His songs ranged from The King and I (“Hello, Young Lovers”), Merrily We Roll Along (“Not A Day Goes By”), Hello, Dolly! (“Before the Parade Passes By”) to Billy Joel (“New York State of Mind”), John Denver (“Jet Plane”), and Simon and Garfunkel (“Bridge Over Troubled Water”). Of course, he sung a few songs from his previous roles, including “Proud of Your Boy” from Aladdin. Even in the cabaret dressed in a sharp black suit without the set, costume, and fanfare of Aladdin, when Leung sang “Proud of Your Boy” it was obvious why he starred as Aladdin for two years on the Great White Way. He was all the best of Aladdin, earnest and determined, and his voice is perfect for the role. His multi-language “A Whole New World” was impressive as he sang in too many languages to count — English, Spanish, Japanese, Arabic, Chinese, and Swedish just a handful.
He also sang two songs from Rent, a “Seasons of Love” singalong and then a slow, croony version of the love duet “I’ll Cover You.” Leung was a part of three productions of Rent: the closing Broadway company which was filmed for Rent: Filmed Live on Broadway, Rent: The Broadway Tour alongside the two original Broadway leads, Anthony Rapp and Adam Pascal, and a production at the Hollywood Bowl.
Leung was excited to be back in Pittsburgh, a city that he considers his second home. The last time that Leung was in Pittsburgh was ten years ago when he toured through with Rent in 2009.
“I fell in love with Pittsburgh too. I loved that it was this little, big city. Coming from New York, which is a big, big city, I loved that there was a neighborhood feel to all of Pittsburgh, even downtown, it’s sort of smaller and close together. It feels like a city that’s still metropolitan and everybody knows each other and cares for each other. There was a warmth about Pittsburgh, about the people that I really enjoyed.”
He’s even spending all of Tuesday at CMU teaching the drama students, a way for him to give back and pass along what he knows, something that means a lot to him. He dedicated his encore number to the teachers he’s had and teachers as a whole because he values the ability of a teacher to guide a student and now, working as a teacher himself as well as a performer, he wants to give back.
In 2000, when Leung was still a student at CMU, he worked with the Pittsburgh CLO to perform in their 2000 Summer Season, performing in Anything Goes (in which he spoke Chinese) and after his run on Broadway in Flower Drum Song, he returned in the 2003 Summer Season as Thuy in the CLO’s Miss Saigon.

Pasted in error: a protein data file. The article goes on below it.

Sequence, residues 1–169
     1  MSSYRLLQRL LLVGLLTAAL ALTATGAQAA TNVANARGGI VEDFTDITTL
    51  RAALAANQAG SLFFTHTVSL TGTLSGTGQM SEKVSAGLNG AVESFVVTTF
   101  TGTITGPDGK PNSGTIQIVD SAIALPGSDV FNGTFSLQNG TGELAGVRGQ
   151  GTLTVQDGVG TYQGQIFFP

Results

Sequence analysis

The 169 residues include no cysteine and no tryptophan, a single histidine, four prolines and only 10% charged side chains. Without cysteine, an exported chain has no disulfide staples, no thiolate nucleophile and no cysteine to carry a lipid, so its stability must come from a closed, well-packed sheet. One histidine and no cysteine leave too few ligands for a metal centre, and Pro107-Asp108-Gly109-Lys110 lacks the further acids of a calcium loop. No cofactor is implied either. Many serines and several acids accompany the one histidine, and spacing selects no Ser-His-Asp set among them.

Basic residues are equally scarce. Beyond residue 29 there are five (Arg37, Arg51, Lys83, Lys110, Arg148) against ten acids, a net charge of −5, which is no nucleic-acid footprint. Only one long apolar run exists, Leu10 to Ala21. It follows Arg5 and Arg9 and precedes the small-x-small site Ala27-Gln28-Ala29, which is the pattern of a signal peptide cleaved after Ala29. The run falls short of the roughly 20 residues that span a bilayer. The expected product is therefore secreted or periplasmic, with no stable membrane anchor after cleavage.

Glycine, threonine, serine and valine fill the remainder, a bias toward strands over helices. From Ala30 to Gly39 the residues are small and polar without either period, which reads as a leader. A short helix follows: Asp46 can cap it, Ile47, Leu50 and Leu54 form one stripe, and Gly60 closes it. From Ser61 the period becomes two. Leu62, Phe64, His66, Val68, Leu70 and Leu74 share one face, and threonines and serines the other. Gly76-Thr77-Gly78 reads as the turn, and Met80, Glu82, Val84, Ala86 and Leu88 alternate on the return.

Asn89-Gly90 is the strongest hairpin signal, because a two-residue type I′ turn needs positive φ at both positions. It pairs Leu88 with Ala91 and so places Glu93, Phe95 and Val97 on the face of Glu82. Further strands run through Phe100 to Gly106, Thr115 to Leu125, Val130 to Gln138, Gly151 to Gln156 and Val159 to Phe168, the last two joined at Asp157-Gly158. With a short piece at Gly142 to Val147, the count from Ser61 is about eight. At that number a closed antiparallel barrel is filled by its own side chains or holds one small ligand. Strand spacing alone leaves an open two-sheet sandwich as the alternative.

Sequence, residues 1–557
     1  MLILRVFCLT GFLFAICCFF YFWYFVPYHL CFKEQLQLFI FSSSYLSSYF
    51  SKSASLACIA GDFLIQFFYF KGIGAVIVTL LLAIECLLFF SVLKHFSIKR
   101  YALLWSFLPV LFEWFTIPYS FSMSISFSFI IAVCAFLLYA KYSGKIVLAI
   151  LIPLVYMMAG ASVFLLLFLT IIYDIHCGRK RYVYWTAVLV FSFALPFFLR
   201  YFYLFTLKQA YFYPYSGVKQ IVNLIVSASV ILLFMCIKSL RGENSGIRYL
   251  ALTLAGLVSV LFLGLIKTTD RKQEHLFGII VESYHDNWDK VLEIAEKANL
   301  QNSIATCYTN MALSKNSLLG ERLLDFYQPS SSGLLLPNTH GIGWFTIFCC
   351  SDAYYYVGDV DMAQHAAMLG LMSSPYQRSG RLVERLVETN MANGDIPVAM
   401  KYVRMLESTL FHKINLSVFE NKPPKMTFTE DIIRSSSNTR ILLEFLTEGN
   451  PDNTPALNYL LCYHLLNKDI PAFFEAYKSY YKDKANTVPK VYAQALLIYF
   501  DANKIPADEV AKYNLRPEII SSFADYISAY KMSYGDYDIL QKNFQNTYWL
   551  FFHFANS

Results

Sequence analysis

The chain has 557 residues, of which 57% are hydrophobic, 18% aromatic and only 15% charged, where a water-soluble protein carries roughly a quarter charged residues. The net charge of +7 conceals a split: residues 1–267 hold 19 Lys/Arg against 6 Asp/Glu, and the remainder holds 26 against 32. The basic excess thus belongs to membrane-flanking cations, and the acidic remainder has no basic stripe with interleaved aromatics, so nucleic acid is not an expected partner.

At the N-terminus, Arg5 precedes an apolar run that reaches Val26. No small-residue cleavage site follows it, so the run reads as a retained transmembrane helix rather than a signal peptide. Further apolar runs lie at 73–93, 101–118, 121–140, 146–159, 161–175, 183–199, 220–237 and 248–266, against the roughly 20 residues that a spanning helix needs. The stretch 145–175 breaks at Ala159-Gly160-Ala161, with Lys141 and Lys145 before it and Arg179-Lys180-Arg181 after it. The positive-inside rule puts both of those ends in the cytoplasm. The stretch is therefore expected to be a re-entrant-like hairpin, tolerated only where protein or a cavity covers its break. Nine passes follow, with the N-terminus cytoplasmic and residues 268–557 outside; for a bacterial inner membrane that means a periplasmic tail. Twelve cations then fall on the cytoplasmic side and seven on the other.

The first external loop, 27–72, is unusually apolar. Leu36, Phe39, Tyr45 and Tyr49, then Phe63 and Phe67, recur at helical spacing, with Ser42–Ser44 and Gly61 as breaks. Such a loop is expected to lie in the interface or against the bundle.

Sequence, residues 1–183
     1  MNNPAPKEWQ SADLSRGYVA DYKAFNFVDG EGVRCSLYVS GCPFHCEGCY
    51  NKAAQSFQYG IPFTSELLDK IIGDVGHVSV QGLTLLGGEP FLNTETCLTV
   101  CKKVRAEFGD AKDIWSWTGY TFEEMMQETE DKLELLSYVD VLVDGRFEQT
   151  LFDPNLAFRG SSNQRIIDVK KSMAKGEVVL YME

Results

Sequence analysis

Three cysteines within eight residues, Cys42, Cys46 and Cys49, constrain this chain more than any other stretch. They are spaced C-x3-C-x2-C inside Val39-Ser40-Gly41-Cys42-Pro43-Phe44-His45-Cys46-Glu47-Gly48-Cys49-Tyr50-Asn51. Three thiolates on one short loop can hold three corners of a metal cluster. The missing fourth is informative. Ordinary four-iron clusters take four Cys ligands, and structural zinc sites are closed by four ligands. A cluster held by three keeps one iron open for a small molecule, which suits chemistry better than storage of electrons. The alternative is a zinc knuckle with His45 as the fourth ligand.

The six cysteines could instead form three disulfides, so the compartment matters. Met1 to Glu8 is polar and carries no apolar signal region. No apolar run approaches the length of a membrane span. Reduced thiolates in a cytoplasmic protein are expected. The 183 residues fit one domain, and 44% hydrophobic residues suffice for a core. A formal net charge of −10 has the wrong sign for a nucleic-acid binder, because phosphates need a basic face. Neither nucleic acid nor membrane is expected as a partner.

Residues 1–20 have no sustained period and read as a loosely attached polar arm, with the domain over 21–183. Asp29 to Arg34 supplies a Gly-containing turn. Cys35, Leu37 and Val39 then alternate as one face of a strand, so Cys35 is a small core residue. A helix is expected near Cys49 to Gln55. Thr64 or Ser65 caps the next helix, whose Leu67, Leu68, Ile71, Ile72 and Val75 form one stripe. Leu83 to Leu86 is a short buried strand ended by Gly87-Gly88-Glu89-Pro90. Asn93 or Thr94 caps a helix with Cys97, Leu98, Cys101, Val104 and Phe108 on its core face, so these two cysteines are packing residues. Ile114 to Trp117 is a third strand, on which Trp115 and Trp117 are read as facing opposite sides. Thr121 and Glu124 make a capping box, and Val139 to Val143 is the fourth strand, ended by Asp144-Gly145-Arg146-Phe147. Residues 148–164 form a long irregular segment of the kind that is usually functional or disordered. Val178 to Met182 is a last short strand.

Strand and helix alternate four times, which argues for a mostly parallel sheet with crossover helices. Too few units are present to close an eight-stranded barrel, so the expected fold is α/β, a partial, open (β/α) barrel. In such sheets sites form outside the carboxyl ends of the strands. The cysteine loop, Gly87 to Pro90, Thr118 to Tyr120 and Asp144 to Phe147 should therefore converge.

“It’s interesting. There are many Asian actors. The thing is, had it not been for Miss Saigon running on Broadway for almost a decade, there wouldn’t have been the visibility to encourage me to go into theatre. There were shows like Miss Saigon and The King and I, otherwise you don’t see Asian Actors in movies or on television. What’ve I’ve realized is that there are Asian actors out there. Whether or not they’re given the opportunity to be seen by the powers that be, that’s another story. But the actual Asian talent exists.
“I’ve been lucky enough to have done shows that feature heavily Asian casts like Allegiance and Flower Drum Song, but I’ve also had the blessing and the luck to be cast non-traditionally where my race didn’t matter. Where I was the actor for the job and it just so happened that I was an Asian. Shows like Rent, Godspell, they’re pretty diverse, multi-ethnic casts, and the actors that have done those parts before me have not necessarily been Asian. For me, seeing Asian actors onstage, seeing Lea Salonga winning a Tony Award on TV inspired me.”
He goes on to talk about Allegiance, a show about the internment of Japanese-Americans during World War II. Despite the specific narrative, the show has resonated with multiple different groups of people because the story about not being accepted and feeling other. The filmed version of the Broadway production plays in movie theaters annually and will eventually be available on streaming. He believes in the importance of representation, citing that it is circular. Since Allegiance, which went up the same season as Hamilton, there haven't really been Asian-centered shows. He does bring up the hit movie Crazy Rich Asians and the importance that it had for representing Asians outside of the usual stereotypes.
Leung is everything a cabaret performer should be. He’s charismatic, eqloquent, and funny. He showcased his vocal range as he sang even one of Stephen Sondheim’s fast-paced, most famous and lyrically challenging songs, “Not Getting Married Today” from Company (it was possibly the fastest rendition of the song ever performed), which he starred in his senior year at CMU under fellow CMU alum Billy Porter’s direction.
For any theatre lovers, Leung is a performer not to be missed. His stories woven into fresh arrangements of Broadway standards are the perfect mix for a night of entertainment. He performs concerts all over the world, and we hope to have him back in Pittsburgh soon!
Follow Telly on Instagram